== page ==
In past years, Danny Manning picked up a basketball and demonstrated his skills to youths at Roy Williams' Kansas basketball camp.
Still rehabilitating from left knee surgery, Manning was relegated to guest-speaker status on Monday, fielding questions from Williams' 500-plus campers in town for the second of three week-long summer sessions.
"I'm an old man. I'm 29 and I've got two bad knees," Manning quipped.
The ex-Kansas All American, who tore his left anterior cruciate ligament after colliding with Phoenix Suns teammate Joe Kleine last February, ripped his right ACL in January of '89 with the Los Angeles Clippers.
Manning doesn't know when he'll be back on the court, but when he does return, he plans a lengthy stay.
"Seven years ago, I had surgery on my right leg after I blew it out. Hopefully I'll come back and play another six to seven years, then retire," he said.
Manning has given some thought to what he might do when he quits playing.
"I do think about coaching, but right now it's something I don't think too much about," he said. "I have my own camp and I enjoy working with kids."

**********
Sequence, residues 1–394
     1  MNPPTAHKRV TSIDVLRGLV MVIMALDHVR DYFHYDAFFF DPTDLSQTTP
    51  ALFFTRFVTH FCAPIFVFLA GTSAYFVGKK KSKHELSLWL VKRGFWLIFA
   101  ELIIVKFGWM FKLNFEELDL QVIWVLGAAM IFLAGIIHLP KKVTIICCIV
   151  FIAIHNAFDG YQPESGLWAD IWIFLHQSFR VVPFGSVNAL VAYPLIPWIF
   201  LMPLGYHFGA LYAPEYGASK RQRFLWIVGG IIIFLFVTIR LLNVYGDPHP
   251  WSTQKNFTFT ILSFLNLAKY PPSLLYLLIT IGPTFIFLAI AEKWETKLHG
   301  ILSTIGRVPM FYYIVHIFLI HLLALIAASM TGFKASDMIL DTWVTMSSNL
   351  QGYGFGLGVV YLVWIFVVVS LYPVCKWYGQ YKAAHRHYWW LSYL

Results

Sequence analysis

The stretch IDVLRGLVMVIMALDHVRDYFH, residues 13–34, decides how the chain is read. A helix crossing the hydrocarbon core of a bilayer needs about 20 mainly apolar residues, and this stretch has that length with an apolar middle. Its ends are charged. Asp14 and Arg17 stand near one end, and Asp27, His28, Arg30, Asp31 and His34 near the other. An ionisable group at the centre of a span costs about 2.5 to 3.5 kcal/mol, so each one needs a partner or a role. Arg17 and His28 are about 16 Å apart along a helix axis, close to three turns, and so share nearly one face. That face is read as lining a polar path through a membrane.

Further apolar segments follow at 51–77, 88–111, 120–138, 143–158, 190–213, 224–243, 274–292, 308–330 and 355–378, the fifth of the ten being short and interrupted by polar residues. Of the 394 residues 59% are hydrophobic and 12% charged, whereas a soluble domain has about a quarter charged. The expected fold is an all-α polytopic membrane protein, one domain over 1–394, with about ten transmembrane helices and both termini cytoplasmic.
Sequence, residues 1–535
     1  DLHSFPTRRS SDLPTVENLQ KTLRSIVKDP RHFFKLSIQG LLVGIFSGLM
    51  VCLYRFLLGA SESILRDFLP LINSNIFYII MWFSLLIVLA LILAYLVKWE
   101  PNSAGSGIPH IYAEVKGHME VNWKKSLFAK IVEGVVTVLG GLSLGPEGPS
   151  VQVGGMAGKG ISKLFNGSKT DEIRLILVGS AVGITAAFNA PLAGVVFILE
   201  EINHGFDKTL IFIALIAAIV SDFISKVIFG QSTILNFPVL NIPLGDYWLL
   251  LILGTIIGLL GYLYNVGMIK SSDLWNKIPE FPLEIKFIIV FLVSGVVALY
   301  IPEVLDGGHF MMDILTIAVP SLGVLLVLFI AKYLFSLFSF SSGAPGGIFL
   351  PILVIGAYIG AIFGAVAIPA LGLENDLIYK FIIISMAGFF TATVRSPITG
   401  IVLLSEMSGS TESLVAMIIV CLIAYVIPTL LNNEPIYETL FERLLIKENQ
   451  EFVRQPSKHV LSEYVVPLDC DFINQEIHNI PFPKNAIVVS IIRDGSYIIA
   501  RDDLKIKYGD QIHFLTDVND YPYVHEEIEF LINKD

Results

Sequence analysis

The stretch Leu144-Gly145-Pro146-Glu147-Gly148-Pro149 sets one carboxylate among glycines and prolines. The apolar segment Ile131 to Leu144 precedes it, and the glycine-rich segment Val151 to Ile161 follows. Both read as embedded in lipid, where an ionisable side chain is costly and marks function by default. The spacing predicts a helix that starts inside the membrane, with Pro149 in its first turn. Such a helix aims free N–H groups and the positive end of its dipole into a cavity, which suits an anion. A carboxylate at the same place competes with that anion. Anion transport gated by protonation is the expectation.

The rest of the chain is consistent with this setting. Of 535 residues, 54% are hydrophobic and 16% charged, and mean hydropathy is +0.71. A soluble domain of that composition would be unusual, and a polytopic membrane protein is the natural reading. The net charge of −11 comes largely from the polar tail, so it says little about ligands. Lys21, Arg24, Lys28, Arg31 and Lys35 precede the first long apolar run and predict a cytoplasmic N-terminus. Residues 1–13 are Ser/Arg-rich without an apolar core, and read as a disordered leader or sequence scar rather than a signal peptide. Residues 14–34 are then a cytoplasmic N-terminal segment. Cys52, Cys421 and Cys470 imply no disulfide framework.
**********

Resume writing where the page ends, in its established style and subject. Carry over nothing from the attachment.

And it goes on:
Also, "I'd like to start a couple businesses. I'm looking at possibly starting some recreation centers across parts of the country. I want to do something I'll get excited about, something to get moved by. I want to do something where I get up in the morning and want to go to work."
Manning, whose one-year contract has expired, is anxious to sign with Phoenix again. However, the NBA players are currently locked out, meaning no contract offers can be tendered to players.
"The lockout is disheartening," Manning said. "The players and owners need to get together to solve the dispute."
Here is a sampling of Manning's 30-minute question/answer session with Williams' campers.
Q -- Did you enjoy playing for Larry Brown (at both Kansas and with the Clippers)?
A -- "It's fun...if we win," Manning said. "Coach Brown and I had our differences, but one thing coach Brown does -- he makes you a better person and player."
Q -- What do you remember most about your playing days at Kansas?
A -- "I had a good time at KU. I graduated and we were fortunate enough to win a championship (in 1988). I have nice recollections about KU."
Q -- Who were your role models growing up?
A -- "My father (Ed). He played pro ball and was what is called a 'journeyman.' He ran the floor, got the loose balls, set picks. I respect that. Also I liked Julius Erving. He's a great player and person."
Q -- Who is the best player you have guarded?
A -- "Magic Johnson without a doubt. I came in the league in '88 and it was 'Showtime' with the Lakers. Magic could score, pass, do it all. He was somebody I admired. To see somebody that tall dribble the ball, it gave me inspiration."